Date published: 2018-01-07
Rated 1 out of 5 by from Disappointing High expectation. Crappy read.
Date published: 2018-01-05
Rated 1 out of 5 by from Let down... Inside the book it says Andy Weir was able to give up his career and focus on writing due to the success of The Martian... well all I can say is he shouldn't have quit his day job. This book sucks.
Date published: 2018-01-05
Rated 4 out of 5 by from Fun, fast read It wasn't as good as The Martian, but looking at it outside of the context of The Martian I thought it was a fun, quick read that would translate well to a movie. Smart and exciting. I think Andy Weir is better at writing male protagonists though---I liked all of the supporting characters much better than I liked Jazz. But overall I enjoyed reading it.
Date published: 2018-01-04
Rated 4 out of 5 by from Entertaining read Start with a science fiction setting. Mix in some drama, action, humor, and some subtle romance and you've got quite an entertaining read.
Date published: 2018-01-04
Rated 2 out of 5 by from Disappointing This had the potential to be so much better. I agree with the other reviews stating that Jazz came off ditzy, immature, obnoxious and that the dialogue was cringe worthy. Jazz reads like a juvenile male character and although she is of Arab descent, she might as well not be. I guess there's also the assumption that the readers are ignorant because at one point she even states, "Okay, you can stop pretending you know what a niqab is. It’s a traditional Islamic headwear that covers the lower face." She is a non-practicing Muslim, so she then proceeds to use the niqab as part of the heist and says, "Great way to wear a mask without arousing suspicion.” There's just so much cringe in this book.
Date published: 2018-01-03
Rated 5 out of 5 by from Enjoyable Enjoyed every moment reading the book
Date published: 2017-12-29
Rated 2 out of 5 by from Let Down 2.5 Stars. The Martian was incredible, this was not so much. Very early on you could tell Weir struggled to write a female character. She was so ditzy, and her dialogue was just cringeworthy. The premise was so promising, a heist on the moon! But the execution and character development unfortunately let the book down.
Date published: 2017-12-25
Rated 2 out of 5 by from Disappointing I loved The Martian and was really looking forward to Artemis, but I'm left feeling a bit flat. The character Jazz was obnoxious and her immature repartee with others was repetious and annoying. There were some interesting parts to the story, and even a couple of really exciting bits, but overall Artemis was not a winner for me.
Date published: 2017-12-23
Rated 3 out of 5 by from ok I need to re-read this, as I rushed through it the first time because I was busy, but nonetheless, I enjoyed it.
Date published: 2017-12-22
Rated 3 out of 5 by from Love the science, humour was lacklustre One of my favourite parts of Weir's writing is the emphasis on real science which makes this more accessible than some other sci-fi. The concept of the story is great, and I liked the diversity in the characters. The one thing that I was disappointed in was the juvenile feeling of the book - the humour fell flat and was sometimes a bit cheesy, and it felt more like a YA novel than the Martian did in some spots. The saver was the technical aspect of the heist which really felt like you were trying to figure out the solutions along with the protagonist. Overall, good read.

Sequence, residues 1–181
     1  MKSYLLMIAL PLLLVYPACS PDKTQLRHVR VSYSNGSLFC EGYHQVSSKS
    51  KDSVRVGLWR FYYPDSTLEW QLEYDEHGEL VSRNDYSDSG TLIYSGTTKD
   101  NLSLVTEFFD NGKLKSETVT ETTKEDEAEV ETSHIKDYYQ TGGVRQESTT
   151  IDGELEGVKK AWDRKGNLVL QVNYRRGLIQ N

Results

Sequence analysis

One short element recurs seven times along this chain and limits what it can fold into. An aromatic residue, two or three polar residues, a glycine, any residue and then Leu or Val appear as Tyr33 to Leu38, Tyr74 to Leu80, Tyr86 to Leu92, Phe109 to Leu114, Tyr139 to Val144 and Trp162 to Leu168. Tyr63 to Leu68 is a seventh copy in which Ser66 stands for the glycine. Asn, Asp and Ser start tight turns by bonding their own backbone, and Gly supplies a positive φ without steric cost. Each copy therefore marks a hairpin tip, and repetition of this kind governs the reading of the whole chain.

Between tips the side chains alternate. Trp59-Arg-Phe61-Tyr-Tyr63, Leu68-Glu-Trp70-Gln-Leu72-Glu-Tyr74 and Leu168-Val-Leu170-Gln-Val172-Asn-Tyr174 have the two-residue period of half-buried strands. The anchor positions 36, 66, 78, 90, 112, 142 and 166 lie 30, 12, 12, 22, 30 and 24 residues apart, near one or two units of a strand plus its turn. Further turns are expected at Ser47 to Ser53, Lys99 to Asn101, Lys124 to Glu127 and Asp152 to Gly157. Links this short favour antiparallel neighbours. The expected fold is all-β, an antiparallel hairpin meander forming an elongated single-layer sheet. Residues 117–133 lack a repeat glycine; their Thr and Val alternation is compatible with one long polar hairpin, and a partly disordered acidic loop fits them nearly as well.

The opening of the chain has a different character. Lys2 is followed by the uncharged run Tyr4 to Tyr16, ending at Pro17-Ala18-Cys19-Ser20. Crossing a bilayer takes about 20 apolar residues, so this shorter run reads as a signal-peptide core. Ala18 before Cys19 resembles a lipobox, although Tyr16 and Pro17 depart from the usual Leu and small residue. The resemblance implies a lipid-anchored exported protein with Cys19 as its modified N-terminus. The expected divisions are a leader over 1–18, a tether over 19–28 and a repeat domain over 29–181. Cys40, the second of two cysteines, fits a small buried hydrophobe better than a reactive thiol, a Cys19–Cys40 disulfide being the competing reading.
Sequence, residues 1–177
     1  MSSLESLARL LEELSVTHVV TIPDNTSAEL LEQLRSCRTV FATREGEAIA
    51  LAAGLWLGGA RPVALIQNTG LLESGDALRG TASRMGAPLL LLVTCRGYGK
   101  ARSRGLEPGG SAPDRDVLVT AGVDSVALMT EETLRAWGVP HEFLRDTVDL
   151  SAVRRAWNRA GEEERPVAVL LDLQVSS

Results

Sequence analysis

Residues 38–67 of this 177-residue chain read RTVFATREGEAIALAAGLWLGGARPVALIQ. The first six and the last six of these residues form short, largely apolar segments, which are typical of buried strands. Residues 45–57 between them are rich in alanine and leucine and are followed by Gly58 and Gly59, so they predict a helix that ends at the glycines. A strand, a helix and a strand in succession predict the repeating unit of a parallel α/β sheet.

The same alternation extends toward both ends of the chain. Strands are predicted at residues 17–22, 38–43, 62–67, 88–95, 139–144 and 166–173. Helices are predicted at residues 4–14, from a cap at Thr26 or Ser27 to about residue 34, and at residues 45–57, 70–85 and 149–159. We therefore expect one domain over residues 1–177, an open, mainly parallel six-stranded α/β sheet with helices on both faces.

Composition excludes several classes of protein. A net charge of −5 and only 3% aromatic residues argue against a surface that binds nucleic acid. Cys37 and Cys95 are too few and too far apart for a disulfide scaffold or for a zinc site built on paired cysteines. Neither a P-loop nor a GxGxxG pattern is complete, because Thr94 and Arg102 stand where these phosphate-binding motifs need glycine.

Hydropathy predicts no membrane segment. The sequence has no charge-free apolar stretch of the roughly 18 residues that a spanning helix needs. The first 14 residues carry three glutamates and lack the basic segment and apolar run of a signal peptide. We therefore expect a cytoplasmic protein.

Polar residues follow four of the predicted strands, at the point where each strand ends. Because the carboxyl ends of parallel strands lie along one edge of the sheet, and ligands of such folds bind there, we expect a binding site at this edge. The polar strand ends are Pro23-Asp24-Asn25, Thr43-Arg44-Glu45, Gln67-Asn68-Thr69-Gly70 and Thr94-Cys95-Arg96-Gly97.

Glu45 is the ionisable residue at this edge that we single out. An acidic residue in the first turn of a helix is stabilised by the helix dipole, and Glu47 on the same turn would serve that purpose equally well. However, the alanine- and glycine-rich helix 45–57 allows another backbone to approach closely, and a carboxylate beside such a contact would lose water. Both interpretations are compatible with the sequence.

Date published: 2017-12-19
Rated 4 out of 5 by from Good Great characters! I would have liked to see jazz win a bit more lol but nice story. Could be an interesting prospect for sequel.
Date published: 2017-12-18
Rated 3 out of 5 by from ok An imaginative page-turner
Date published: 2017-12-16
Rated 4 out of 5 by from More of a caper than a heist I'm betting you've either read or watched Andy Weir's first novel, The Martian. (Or like me - both). I was excited to see that he has a newly released book - Artemis. I was hooked by this line from the publisher..."- a heist story set on the moon." I love 'heist' novels. (And movies) But every heist tale needs to have the right protagonist. Weir has created an interesting one in Jasmine Bashara. She's bold, brilliant, irreverent, daring and is an 'ethical smuggler'. But things get bigger than just some low level smuggling for Jazz. All she has to do is the impossible - destroy four 'harvesters' - and a million slugs ($) are hers. A new space suit, an apartment with a bathroom and her debt paid off. But with every heist movie there are of course, snags. And there are some big ones in Artemis's plot. (Although on finishing the book, I do think caper would be a better descriptor than heist.) Weir's dialogue throughout the book is snappy. But, I found some of the jokes to be borderline juvenile and the sexual references fell flat for me. There are letters to and from a 'penpal' on Earth that Jazz has had since she was in school. I enjoyed the discourse between the two. But even in this personal format, we never really get a look at the 'real' Jazz - the one behind the flippancy. She does seem written for the screen almost. I did enjoy the supporting cast, especially tech wizard Svoboda. Weir has a background as a software engineer and ''devoted hobbyist of subjects such as relativistic physics, orbital mechanics and the history of manned spaceflight." Without a doubt, his work benefits from this detailed knowledge. I don't read a lot of sci-fi and found I got a little bogged down with some of the details of air locks, chemicals, welding etc. Of course these details are integral to the plot, but I enjoyed the descriptions of the city and daily life on this imagined city on the moon much more. Not as good as The Martian for me, but still an entertaining read.